A substantial body of work in social studies of science finds consistent evidence that female academics have lower publication rates and typically receive fewer citations per publication than male academics (Beaudry & Larivière, 2016; Cameron, White, & Gray, 2016; Chauvin, Mulsant et al., 2019; Ghiasi, Larivière, & Sugimoto, 2015; Larivière, Ni et al., 2013; Symonds, Gemmell et al., 2006; van Arensbergen, van der Weijden, & van den Besselaar, 2012). (I was unable to find any literature that reported findings for nonbinary, genderqueer, or transgender identities. Chauvin et al. (2019) note that they “planned to include faculty identifying as nonbinary or genderqueer in a separate group,” but “were unable to identify any such faculty from publicly available data sources.”) To control for these gender effects, the online tool genderize.io was used to attribute gender to all authors based on their first or given name. This tool resulted in a trinary gender attribution: woman, man, and “missing” when the tool was not sufficiently confident in either primary gender attribution. While extremely limited, this tool allows us to account for a known confounder given the limited time available for this project. Figure 4 shows the distribution of attributed gender for ORU- and non-ORU-affiliated researchers and each ORU separately. All together, ORUs appear to be slightly more male-dominated than the comparison group. However, there is substantial variation across ORUs; the single AQRC-affiliated faculty member is attributed as a man, more than half of PICN-affiliated faculty are attributed as women, and most ORUs have 20–40% faculty attributed as women. In the regression analyses below, men (attributed gender) are used as the reference level for estimated gender effects.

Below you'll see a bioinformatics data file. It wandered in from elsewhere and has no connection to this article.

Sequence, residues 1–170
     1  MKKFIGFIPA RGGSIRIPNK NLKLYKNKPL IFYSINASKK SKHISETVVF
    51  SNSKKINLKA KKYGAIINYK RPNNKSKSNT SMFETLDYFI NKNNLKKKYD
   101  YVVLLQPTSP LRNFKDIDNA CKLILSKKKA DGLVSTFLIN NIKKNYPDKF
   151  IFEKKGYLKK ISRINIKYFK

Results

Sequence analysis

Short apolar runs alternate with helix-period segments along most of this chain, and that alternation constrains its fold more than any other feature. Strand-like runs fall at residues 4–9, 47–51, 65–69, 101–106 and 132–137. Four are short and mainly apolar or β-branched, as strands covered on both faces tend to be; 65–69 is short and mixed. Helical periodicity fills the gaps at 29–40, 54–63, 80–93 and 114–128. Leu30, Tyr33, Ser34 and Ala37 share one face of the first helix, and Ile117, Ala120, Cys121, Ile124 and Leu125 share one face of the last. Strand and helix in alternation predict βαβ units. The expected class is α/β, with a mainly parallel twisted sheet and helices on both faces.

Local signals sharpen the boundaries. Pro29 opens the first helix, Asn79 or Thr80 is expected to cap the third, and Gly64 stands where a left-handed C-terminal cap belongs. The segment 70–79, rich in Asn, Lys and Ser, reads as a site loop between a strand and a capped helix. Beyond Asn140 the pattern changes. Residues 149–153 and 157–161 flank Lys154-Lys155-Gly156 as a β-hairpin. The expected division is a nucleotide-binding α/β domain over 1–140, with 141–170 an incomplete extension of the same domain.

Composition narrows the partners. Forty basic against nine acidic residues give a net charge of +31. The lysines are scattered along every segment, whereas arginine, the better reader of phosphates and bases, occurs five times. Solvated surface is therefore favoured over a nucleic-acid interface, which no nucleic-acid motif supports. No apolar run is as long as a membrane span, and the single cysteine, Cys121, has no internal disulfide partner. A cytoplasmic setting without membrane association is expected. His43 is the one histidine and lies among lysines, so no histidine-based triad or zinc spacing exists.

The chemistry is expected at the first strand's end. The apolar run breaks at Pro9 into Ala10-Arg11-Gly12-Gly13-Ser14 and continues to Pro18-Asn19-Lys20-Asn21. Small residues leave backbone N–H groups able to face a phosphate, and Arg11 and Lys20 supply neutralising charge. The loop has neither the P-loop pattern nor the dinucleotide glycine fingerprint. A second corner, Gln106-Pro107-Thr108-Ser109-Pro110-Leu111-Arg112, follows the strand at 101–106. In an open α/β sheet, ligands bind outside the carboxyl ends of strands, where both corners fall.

Figure 4.

Distribution of attributed gender for ORUs and comparison researchers. A: All ORU-affiliated researchers grouped together. B: Gender distribution within each ORU. Gender attributions were made using an automated online tool based only on first or given name.

Figure 4.

Distribution of attributed gender for ORUs and comparison researchers. A: All ORU-affiliated researchers grouped together. B: Gender distribution within each ORU. Gender attributions were made using an automated online tool based only on first or given name.